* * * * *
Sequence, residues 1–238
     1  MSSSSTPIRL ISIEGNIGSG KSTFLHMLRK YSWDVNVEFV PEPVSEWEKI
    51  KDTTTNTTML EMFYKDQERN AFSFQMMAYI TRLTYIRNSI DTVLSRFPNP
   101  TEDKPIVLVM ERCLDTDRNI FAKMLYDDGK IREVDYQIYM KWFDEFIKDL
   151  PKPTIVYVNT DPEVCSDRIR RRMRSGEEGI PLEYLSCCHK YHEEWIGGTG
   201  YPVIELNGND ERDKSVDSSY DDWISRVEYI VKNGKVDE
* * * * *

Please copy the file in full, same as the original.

Sequence, residues 1–238
     1  MSSSSTPIRL ISIEGNIGSG KSTFLHMLRK YSWDVNVEFV PEPVSEWEKI
    51  KDTTTNTTML EMFYKDQERN AFSFQMMAYI TRLTYIRNSI DTVLSRFPNP
   101  TEDKPIVLVM ERCLDTDRNI FAKMLYDDGK IREVDYQIYM KWFDEFIKDL
   151  PKPTIVYVNT DPEVCSDRIR RRMRSGEEGI PLEYLSCCHK YHEEWIGGTG
   201  YPVIELNGND ERDKSVDSSY DDWISRVEYI VKNGKVDE